ANSEL ADAM’S is the father of Previsualization (the ability to see the image in your mind before it is shot): the exposure, the lens, depth of field and motion focus, and the angle of view and equipment needed to capture the lighting, location and subject with a few shots. When dealing with commercial shoots, it also includes knowing the needed props, fill light, models and styling necessary to promote the product.
PREVISUALIZATION: pre-production check list for shoots
1. Location ( Outside or Inside or Studio)
2. Lighting ( Natural, Fill-reflector or flash, Studio Lighting, and/or Unique Key Lighting )
3. Exposure ( Manual, Metered, Bracketing, +/- )
4. Lens Options ( Normal, Wide Angle, Macro, Telephoto, Fish Eye )
5. Creative Focus ( Aperture depth of field and Shutter speed motions focus )
6. ISO ( Start @ 100 and move up as needed to maintain desired motion focus )
7. Angle of View ( Worm’s Eye, Bird’s Eye, Eye to Eye,Looking Through )
8. White Balance ( AWB, Custom, Tungsten, Shade, Florescent, Daylight )
9. Equipment (Tripod, Props, Assistants, Backdrops, etc.)
10. Model (Release, Wardrobe, Makeup, Hair)
LOCATION, LOCATION, LOCATION
The first step in photography is finding the right location. Is it a studio shoot and selecting the backdrop or is it researching the right back drop from life. Part of the success of local photographer Maddie Thomas is her ability to pre-visualize her end product and through interviewing her clients to select the right location that shows off her models and their personality.
LANDSCAPE PHOTOGRAPHER TOM TILL In business the location of your store is the #1 priority. In photography, the location can also impact your shoot’s success. Natural lighting has a specularity that is often missing in studio lighting. Tom Till researches the right time of day, the right season and the right weather patterns for success when shooting landscapes or images involving landscapes. Study his technique tips and images then adapt them to your fist outside shoot. You may use the landscape location as a backdrop to with models or as Fine Art Landscape alone.
QUALITIES OF LIGHT by Tom Till-Summer 2005
1. Midday Sunlight: useful for subjects with their own inherent color and deep shadows like slot canyons.
2. Midday Overcast: useful to eliminate harsh shadows and great for intimate subjects like portraits.
3. Midday Rainy: same as overcast with the specularity of high color saturation.
4. Mottled Lighting: effective for reducing shadows and produces a pleasing “spotlight” with the sun coming and going through clouds.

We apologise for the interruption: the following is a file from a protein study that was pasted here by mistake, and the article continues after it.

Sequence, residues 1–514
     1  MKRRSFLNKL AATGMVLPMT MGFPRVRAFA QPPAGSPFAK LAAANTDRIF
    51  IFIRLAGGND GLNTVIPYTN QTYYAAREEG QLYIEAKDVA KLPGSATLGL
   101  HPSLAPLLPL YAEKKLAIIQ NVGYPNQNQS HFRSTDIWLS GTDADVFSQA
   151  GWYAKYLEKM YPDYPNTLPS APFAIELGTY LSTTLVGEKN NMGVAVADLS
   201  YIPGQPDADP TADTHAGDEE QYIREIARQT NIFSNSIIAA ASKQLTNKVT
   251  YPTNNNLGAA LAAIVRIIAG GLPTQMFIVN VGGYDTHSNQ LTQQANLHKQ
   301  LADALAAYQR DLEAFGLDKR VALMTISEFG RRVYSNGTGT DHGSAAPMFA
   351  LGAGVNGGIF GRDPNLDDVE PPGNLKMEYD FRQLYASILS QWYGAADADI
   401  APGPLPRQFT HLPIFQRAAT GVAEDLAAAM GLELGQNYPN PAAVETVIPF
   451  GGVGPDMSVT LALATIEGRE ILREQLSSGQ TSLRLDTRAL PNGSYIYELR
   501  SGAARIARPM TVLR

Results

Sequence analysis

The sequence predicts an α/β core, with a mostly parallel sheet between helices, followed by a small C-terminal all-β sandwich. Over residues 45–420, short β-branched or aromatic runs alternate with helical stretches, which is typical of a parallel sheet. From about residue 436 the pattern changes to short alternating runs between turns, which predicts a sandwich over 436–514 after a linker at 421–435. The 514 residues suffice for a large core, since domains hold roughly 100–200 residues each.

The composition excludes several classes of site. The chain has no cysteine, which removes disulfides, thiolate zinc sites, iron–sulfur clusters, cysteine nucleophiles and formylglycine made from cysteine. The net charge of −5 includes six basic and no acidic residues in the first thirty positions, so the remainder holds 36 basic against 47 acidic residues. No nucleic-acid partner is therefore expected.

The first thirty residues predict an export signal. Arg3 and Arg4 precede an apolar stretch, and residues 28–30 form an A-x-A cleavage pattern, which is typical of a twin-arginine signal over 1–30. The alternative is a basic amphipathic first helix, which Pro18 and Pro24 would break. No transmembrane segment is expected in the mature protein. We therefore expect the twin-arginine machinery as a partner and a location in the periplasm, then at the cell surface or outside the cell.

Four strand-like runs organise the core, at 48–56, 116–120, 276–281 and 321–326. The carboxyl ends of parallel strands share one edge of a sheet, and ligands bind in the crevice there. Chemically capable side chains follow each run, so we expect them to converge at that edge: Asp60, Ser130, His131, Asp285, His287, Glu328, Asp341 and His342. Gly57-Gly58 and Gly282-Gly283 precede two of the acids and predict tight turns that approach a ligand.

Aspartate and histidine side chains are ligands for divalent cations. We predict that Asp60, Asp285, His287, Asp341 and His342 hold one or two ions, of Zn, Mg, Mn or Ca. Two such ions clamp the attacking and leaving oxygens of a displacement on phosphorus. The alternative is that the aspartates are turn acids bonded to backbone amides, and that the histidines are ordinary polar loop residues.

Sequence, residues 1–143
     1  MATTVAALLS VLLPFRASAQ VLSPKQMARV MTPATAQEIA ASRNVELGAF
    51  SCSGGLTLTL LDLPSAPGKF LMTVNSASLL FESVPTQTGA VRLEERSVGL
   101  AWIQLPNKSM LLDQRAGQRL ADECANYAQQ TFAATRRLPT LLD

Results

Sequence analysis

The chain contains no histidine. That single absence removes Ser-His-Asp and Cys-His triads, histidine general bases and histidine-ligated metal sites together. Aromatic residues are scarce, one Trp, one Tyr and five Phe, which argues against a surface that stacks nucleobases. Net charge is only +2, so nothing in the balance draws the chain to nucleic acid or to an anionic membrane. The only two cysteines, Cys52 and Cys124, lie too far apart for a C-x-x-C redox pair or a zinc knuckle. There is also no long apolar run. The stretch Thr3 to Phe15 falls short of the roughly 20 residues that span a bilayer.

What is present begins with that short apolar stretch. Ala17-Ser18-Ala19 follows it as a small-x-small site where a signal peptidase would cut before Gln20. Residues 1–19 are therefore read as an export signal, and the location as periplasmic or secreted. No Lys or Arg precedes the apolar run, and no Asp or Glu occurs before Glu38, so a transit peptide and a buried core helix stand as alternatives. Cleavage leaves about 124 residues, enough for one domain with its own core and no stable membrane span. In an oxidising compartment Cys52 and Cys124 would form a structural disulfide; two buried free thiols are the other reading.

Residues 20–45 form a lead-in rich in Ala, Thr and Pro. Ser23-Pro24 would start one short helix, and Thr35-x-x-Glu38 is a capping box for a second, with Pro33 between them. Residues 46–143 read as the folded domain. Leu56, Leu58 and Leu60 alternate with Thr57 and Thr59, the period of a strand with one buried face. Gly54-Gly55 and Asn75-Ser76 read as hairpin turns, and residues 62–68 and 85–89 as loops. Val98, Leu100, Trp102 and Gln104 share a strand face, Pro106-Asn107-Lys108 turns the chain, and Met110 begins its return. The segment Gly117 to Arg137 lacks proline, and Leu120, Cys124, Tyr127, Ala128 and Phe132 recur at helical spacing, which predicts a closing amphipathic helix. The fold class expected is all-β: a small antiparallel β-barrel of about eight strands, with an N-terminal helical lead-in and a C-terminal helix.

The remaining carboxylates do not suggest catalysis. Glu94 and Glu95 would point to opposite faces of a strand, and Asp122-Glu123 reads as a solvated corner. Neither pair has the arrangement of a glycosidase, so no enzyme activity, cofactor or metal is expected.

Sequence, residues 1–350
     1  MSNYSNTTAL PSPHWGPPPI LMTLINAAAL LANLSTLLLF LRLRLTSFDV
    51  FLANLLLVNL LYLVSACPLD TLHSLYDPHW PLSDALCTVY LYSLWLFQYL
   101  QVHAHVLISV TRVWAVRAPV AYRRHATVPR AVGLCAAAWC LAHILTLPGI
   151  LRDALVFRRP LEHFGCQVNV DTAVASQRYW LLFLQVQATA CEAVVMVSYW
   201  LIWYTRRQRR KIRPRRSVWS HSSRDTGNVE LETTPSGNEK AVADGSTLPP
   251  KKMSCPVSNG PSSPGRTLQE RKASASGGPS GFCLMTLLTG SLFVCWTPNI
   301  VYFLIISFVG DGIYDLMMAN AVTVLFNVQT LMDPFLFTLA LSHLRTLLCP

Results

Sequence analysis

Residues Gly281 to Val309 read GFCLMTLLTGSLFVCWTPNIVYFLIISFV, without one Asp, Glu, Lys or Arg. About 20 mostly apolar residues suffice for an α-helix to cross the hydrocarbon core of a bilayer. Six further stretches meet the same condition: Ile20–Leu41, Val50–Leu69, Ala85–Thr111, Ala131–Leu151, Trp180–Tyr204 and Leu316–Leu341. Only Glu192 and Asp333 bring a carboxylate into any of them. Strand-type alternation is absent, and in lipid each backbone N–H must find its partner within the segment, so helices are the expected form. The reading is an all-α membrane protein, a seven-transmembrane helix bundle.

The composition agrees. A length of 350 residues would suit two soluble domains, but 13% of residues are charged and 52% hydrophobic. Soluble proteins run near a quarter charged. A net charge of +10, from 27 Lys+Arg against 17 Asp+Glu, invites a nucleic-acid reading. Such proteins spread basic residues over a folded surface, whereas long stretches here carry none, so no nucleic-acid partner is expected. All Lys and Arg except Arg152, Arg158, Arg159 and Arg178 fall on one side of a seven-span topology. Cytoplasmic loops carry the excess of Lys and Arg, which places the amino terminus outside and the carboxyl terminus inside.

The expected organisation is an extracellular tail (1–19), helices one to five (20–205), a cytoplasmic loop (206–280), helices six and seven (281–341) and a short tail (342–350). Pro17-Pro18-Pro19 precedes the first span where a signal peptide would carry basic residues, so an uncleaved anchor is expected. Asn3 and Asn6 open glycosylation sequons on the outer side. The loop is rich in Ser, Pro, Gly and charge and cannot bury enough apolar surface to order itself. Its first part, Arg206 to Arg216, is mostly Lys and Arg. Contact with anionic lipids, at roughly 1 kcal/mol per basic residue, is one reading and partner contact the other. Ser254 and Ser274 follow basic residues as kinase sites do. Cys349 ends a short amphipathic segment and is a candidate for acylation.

5. Reflected Light: occurs when light is bounced from brightly lit canyon walls or building walls and produces rich warm lighting for close-ups and intimate details
6. Open Shade: normal shady area with no clouds is very blue and useful for bringing blues into a scene; use shade White Balance to remove the blueing
7. Magic Hour: spectacular warm yellow light of the last or first hour of sunlight deepens shadows and produces strong 3 dimensions with side-lighting.
8. Magic Minute: the very warm red, orange, and violet light that lights the subject at its highest topography; important to scout out or prvisualize which subject will be lit
9. Storm-light or Aplenglow: Spectacular lighting very short lived that occurs during the magic minute or the last few minutes of the magic hour that often comes with bad weather accompanied by red, rain, colorful clouds and lightning
10. Chiaroscuro: bright light contrasted with dark producing a beautiful and dramatic effect from dark clouds contrast to a bright landscape or visa versa
11. Anti-sunset: clouds lit by sunset light in the east, allowing lighted landscape to be combined with dramatic sky
12. Normal Sunset: more effective if reflective surface is used in the foreground—lake, snow, sand. Shooting into the sun is easier where marine layers exist or high humidity or partial blocking of sun by subject.
13.Post Sunset or Pre-sunrise Light: landscape is lit by residual sunlight bounced from the atmosphere and the cooler light or red orange band in the east can be a great substitute for clouds
14. Forest Fire Light or Severe Atmospheric Haze: can produce excellent sun orbs at sunset and great colored light
15. Moonrise: is best on a night before a full moon at twilight rather than night; the moon will rise to the right of pointing shadows; Google the time
16. Night: best for Startrails and Lightning. Use this average lightning exposure(when thunder is heard)– wide open lens, 2 minute shutter with 400 ISO. Lightning color is usually purple-violet.
THE CREATIVE PROCESS STEP BY STEP with Helen Thomas Robson www.capturedmiracles.org
Preparations before Capturing
Editing “Oils of the Bible” by Helen Thomas Robson
Brainstorming the the final product: What will it take to be ready to shoot?
BYU Softball Poster Shoot
THE FINAL PRODUCTS